Marilynne Robinson Reads Genesis Without Anxiety

Unperturbed by debates over the book’s relationship to modern thought, she helps us appreciate its marriage of literary structure and theological claims.

In her latest book, Reading Genesis, Marilynne Robinson insists that modern readers have largely misunderstood the literary and theological significance of the Bible.

Among the most salient causes of this misunderstanding, she argues, is our tendency to read ancient texts through modern categories—history, myth, fiction, nonfiction—that do not map neatly onto ancient literature. The result is a never-ending and mostly unnecessary debate between those who approach Genesis as a catalog of events and those who read it as mythic pastiche, pieced together from various ancient sources.

We get a feel for Robinson’s impatience with this debate in her characterization of the factions warring over Noah’s flood: “One side in the controversy is rebuilding the ark to demonstrate its seaworthiness, or tramping up Ararat looking for its wreckage. The other sees the story as cribbed and fraudulent.” Both sides, Robinson concludes, are led astray by the same impulse to judge the veracity of Genesis on the basis of how closely it conforms to historical events.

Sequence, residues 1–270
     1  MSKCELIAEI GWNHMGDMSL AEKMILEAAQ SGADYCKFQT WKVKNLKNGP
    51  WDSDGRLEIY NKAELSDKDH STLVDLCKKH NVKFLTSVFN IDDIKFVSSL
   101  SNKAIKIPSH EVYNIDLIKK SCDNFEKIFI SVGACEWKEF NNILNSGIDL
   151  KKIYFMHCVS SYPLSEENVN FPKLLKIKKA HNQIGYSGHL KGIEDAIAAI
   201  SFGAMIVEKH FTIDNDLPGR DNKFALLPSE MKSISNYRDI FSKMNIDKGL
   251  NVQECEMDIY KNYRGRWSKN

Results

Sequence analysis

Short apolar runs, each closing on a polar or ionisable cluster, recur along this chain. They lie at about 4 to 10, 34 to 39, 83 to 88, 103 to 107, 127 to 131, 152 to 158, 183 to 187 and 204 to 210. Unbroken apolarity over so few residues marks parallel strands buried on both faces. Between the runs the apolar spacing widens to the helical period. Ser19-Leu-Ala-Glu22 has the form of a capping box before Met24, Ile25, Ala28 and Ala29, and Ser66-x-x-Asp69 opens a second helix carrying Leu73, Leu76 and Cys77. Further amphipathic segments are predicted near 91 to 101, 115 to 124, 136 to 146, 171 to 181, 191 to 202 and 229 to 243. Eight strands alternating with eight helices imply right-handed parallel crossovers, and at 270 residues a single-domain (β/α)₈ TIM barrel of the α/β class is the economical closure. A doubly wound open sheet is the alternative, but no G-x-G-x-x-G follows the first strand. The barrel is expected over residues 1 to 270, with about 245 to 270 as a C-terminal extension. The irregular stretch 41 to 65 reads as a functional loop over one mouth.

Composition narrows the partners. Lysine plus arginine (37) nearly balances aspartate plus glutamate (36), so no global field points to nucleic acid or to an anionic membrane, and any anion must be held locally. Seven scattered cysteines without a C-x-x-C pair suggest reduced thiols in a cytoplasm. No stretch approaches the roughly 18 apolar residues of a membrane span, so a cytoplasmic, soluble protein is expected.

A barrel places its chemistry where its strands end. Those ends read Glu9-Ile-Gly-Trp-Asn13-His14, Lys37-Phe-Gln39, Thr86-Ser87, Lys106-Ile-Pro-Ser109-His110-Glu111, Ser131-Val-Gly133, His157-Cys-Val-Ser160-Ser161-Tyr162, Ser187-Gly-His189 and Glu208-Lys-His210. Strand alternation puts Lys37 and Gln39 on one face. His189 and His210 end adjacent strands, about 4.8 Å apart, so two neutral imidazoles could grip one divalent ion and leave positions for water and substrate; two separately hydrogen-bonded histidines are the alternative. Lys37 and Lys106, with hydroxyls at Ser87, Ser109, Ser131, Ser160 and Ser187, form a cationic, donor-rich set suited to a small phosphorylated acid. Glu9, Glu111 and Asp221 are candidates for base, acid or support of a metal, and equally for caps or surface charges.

In fact, as she argues at the outset, “the Bible is a work of theology, not simply a primary text upon which theology is based.” The implication for modern readers of Genesis is that when we focus primarily on the historicity of the Flood account, for example, we tend to ignore the arrangement of Genesis as a work of literature designed to grapple with theological questions.

Arranged with artistry

This is not to say that Robinson doubts whether all the events represented in Genesis took place or that she fails to consider its compositional history. The goal of Genesis, in her estimation, is not to offer a play-by-play of primeval events but …

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